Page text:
Pearls and preferences
It appears surgeons have their own preferences among machines that can do combined work. "Compared to other machines there are only two available with a high cut rate: Stellaris PC and
Constellation [Vision System, Alcon, Fort Worth, Texas]," Dr. Kusaka said. "The Stellaris PC machine is much more compact. It should be a little less expensive than the Constellation, too. Further, preparing the procedure takes less time compared to the Constellation." The space-saving aspect of Stellaris should be of great benefit to Japanese ORs.
"For example, my OR is small," Dr. Kusaka said. "So we cannot have too many machines around the patient. Having one compact machine is very convenient both for docs and nurses." In the case that vitrectomy has to be performed after cataract surgery as a measure to remedy a subluxated nucleus, combining two machines into one could more easily accommodate the situation and destress it, leading to fewer mistakes, he said. Dr. Oshima uses both machines himself. "Both machines have wonderful venturi pump phaco and vitrectomy systems for performing combined phaco/vitrectomy," Dr. Oshima said. "Currently, the Stellaris PC has only a single line for both anterior irrigation and posterior infusion. So when you are using the Stellaris PC, you first complete phaco surgery and then remove the irrigation line from the I/A handpiece to connect to an infusion tube for starting vitrectomy. If you want to go back to irrigate the anterior chamber, you have to take care to remove the posterior infusion line [and change to use it] for anterior segment irrigation."
for select patients
Certain patients can expect to benefit greatly from combined vitrectomy and cataract surgery. "For macula surgeries such as vitrectomies for macular holes and epiretinal membrane proliferation, combined phaco/vitrectomy consisting of a phaco surgery and IOL implantation through a 2.2 mm clear corneal incision and a 25-gauge transconjunctival sutureless vitrectomy is my preferred choice," Dr. Oshima said. This "advanced surgical procedure will provide early and permanent visual recovery with less patient discomfort because the sutureless procedures in both cataract and vitreous surgery minimize ocular surface abnormalities after surgery, and small self-sealing wounds may induce very limited astigmatism." Visual recovery after a combined procedure can be expected beginning at 1 month post-op for these pathologies, he said. "Especially for macular hole and epiretinal membrane proliferation, combined phaco/vitrectomy may not only facilitate early visual recovery in those complicated with pre-existing cataracts but also maintain longitudinal visual stability because of eliminating the concern about the vitrectomy-induced cataract progression," Dr. Oshima said.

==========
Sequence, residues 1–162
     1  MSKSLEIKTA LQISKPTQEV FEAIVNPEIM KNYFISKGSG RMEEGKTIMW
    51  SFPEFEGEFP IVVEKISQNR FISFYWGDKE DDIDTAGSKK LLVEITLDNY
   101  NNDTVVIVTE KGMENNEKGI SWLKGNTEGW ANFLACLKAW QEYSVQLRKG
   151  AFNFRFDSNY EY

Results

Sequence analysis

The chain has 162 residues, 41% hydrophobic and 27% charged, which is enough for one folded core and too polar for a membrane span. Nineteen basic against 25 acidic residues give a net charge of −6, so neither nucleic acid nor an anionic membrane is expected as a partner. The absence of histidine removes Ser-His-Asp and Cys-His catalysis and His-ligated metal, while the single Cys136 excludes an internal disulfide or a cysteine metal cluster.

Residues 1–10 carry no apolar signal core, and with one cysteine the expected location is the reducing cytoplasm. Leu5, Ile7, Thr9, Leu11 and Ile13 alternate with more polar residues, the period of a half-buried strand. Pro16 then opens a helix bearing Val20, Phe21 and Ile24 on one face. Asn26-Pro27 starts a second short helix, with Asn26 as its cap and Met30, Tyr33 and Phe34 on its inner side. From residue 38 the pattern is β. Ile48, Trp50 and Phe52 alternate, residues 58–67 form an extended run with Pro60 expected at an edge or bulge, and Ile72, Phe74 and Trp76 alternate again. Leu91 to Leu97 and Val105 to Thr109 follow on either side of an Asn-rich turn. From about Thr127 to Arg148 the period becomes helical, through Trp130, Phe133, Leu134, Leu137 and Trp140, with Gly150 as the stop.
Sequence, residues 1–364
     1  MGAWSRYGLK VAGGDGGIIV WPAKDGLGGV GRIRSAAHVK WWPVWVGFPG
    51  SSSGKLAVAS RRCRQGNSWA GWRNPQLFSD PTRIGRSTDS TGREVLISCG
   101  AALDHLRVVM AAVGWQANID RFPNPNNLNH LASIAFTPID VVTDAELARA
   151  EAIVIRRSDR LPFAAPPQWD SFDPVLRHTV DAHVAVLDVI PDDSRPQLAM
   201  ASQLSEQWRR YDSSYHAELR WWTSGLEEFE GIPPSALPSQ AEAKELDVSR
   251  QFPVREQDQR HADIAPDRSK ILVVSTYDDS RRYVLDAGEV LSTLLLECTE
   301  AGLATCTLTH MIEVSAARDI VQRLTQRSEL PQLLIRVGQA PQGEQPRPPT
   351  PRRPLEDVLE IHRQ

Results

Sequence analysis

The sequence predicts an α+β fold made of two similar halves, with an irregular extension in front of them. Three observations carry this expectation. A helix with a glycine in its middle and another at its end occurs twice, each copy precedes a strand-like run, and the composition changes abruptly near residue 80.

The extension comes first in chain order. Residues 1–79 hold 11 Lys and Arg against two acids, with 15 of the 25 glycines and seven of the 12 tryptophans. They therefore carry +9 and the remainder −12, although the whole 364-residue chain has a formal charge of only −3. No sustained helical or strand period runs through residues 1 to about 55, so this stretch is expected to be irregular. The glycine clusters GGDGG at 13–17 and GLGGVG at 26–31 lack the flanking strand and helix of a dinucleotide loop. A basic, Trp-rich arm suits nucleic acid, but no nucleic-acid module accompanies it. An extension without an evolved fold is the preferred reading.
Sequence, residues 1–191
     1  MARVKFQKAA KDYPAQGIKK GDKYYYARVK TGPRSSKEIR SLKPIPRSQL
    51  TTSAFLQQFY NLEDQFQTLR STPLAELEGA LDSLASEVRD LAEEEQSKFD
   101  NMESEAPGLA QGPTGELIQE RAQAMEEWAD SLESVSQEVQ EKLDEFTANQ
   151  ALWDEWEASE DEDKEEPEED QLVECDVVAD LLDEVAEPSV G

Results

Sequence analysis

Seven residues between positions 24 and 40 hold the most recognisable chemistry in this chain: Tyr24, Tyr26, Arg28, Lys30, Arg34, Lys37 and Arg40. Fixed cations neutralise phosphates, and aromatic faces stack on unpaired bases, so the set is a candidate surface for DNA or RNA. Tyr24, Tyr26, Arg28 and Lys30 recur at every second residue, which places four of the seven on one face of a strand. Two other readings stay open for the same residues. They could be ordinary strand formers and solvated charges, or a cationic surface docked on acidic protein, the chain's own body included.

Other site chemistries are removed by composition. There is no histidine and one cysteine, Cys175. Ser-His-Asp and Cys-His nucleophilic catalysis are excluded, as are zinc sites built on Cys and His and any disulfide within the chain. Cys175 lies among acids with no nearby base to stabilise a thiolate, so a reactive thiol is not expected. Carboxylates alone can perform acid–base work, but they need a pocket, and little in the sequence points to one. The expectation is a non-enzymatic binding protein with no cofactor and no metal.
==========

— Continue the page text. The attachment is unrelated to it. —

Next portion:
Further, posterior capsular opacification poses no threat.
"I usually perform posterior capsulotomy after IOL insertion into the capsular bag so I have no concerns about posterior capsular opacification, which is sometimes seen in phaco-cataract surgery," Dr. Oshima said. "The combined procedure is also very beneficial for retinal detachment surgery because vitreous shaving can be performed reaching to the far periphery much more extensively and thoroughly without the concern of bumping the lens. Similarly, for diabetic cases, pan retinal photocoagulation [PRP] can be engaged to the far peripheral portion." Modern phacoemulsification and vitrectomy also have minimized inflammation post-op, which can be further managed with topical or subconjunctival steroids in challenging cases, Dr. Oshima said.
Dr. Oshima said some minor complications do exist with combining the procedure.
"The most often seen complication in the combined phaco/ vitrectomy may be the posterior synechiae," Dr. Oshima said. "According to previous literature, the rate of posterior synechiae has been estimated to range from 10-30%. This complication will be highly seen in the cases with inflammatory retinal pathologies such as advanced proliferative diabetic retinopathy and in cases with the use of a gas tamponade. When these two risk factors combine, the incidence rate will be much higher, reaching to over 50% reportedly." In eyes in which a gas tamponade has been performed, the IOL could also slide out of the capsular bag, he said. "Overall there are no serious drawbacks with the combined
procedure," he said.
Editors' note: Dr. Oshima has financial interests with Alcon. Dr. Kusaka has
financial interests with Bausch + Lomb.